Alaska Native Language Archive

Guide to the Upper Tanana (Nabesna) Language Collection

Abstract

All materials in the Upper Tanana collection are either written in or about the Upper Tanana language.  The earliest documents date from the 1950s and 1960s and are largely the works of Paul and Trude Milaniwski of the Summer Institute of Linguistics; they include religious and educational texts and beginning dictionary work.  Much of the collection dates from the mid- to late-1970s, with a focus on bilingual educational materials in the Upper Tanana language, much of which was published through the National Bilingual Materials Development Center in Anchorage.  Fieldnotes by Krauss, de Laguna, Leer, and others also form an important part of the collection and tend to focus on phonology and verb forms.  Work on dialects, grammars, and traditional texts are less well represented.  The collection also includes research papers and conference materials.  Photocopied material occassionaly represents original material held by other repositories and certain reproduction and use restriction apply.

Language Information

Upper Tanana Athabascan (earlier called “Nabesna” by Osgood and Hojier) is spoken mainly in the Alaska villages of Northway, Tetlin, and Tok, but has a small population also across the border in Canada. The Alaskan population is about 300, of whom perhaps 105 speak the language.  There are some minor but systematic dialectal differences between the villages.  During the 1960s, Paul Milanowski established a writing system; linguistic documentation has continued slowly but steadily to the present.  

Scope and Content Note

The scope of the Upper Tanana language collection is quite broad in that it strives to include all material written or published in or about the Upper Tanana Language.  Dr. Michael Krauss made an effort to collect all things Upper Tanana, and has developed a nearly comprehensive collection.  Generally, the collection contains materials relating to linguistic fieldwork, academic research, and educational materials for schoolchildren. However, comparatively little material concerns religious texts in the Upper Tanana Language, and only a handful of traditional stories can be found in the collection.

Linguistic documentation of the Upper Tanana language started relatively late compared to many of the other Alaskan Athabascan languages.  The earliest work dates from 1929 and contains wordlists for animal names, body parts, etc., collected by Robert McKennan.  The first extensive documentation was undertaken by Paul Milanowski; Milanowski’s research spans the period from 1961 to 1975 (18 items).  Milanowski was part of the Summer Institute of Linguistics and the Wycliffe Bible Translators, and a great deal of his work and invovles the production of literacy materials, a proposed orthography, beginning work on a dictionary, and translations of religious materials.  He also took part in bilingual education materials development in the 1970s and produced a number of translations of primers from other Alaskan Native languages.  Other important linguistic documentation was produced by Alaska Native Language Center staff:  Michael Krauss (3 items) conducted fieldwork in the 1960s on dialect comparisons and on phonology; Jeff Leer (3 items) studied aspects of the phonology and grammar in the 1970s; and James Kari (17 items) has collected information on the lexicon, the grammar, place names, and traditional texts from 1980 to the present. Another important contributor since 1989 to lexical studies in particular has been Nobukatsu Minoura (6 items).  Although there are some originals, many of the fieldnotes are photocopies provided by the author or field researcher.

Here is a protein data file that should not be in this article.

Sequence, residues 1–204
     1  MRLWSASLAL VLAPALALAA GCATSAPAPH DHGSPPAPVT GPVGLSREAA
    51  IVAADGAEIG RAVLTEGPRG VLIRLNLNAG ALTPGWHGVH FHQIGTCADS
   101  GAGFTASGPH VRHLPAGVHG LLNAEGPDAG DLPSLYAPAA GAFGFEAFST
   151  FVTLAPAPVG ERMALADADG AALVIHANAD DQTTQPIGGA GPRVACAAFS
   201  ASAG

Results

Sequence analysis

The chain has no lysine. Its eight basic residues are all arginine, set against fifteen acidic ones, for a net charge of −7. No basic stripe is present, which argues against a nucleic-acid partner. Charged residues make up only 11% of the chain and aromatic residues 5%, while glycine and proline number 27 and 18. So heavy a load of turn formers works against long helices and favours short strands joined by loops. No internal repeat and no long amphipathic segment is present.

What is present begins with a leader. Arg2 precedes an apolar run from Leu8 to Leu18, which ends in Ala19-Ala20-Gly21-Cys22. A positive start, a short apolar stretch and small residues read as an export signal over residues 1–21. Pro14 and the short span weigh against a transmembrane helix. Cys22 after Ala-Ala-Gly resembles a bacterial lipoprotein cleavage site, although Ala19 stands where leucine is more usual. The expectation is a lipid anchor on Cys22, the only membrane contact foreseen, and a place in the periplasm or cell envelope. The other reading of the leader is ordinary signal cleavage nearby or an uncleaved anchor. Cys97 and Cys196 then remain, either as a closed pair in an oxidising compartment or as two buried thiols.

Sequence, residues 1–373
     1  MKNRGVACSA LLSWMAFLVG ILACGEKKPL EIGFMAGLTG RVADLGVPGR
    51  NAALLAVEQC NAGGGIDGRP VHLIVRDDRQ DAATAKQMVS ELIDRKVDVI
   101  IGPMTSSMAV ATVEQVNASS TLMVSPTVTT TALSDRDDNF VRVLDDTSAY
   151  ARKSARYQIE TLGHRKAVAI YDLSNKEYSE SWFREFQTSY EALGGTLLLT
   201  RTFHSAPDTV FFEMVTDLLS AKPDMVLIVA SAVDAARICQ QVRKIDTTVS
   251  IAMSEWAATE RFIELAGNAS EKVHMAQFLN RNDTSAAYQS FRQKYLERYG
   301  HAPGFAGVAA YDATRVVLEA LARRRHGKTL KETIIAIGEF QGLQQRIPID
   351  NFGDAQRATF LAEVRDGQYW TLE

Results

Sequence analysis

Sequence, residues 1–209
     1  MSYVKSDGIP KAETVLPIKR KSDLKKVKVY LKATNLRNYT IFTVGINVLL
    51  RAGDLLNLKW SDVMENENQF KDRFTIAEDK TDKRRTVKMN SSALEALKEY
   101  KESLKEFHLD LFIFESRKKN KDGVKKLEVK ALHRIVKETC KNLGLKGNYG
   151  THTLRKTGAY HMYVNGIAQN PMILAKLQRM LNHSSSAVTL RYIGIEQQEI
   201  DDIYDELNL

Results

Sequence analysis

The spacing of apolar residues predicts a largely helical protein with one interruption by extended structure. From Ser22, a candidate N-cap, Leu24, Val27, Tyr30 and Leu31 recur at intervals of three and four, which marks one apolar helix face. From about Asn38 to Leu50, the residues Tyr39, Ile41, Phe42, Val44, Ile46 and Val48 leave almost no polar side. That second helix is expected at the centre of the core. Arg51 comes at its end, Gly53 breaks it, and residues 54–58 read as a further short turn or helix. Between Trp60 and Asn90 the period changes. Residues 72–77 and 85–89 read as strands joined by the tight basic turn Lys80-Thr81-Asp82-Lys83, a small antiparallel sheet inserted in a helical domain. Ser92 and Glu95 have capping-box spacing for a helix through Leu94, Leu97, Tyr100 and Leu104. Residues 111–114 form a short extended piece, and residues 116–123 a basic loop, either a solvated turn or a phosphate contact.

By far the largest part of the collection pertains to educational materials, most of which are elementary readers and children’s literacy exercises, produced from the 1960s to the 1970s and published by the National Bilingual Materials Development Center (NBMDC) in Anchorage.  Many of these were developed by Milanowski, as mentioned above.  Many others are translations by John Alfred (11 items) of templates of children’s primers from the NBMDC; some are original primers developed by Shirley Jimerson (5 items) in the 1970s or, more recently, by Bessie John (5 items) in the 1990s.

Extent: 5 manuscript boxes covering 2 linear feet.

Languages: Collection languages are both Upper Tanana and English.  Some documents offers Upper Tanana words in comparison to other Athabaskan languages in Alaska.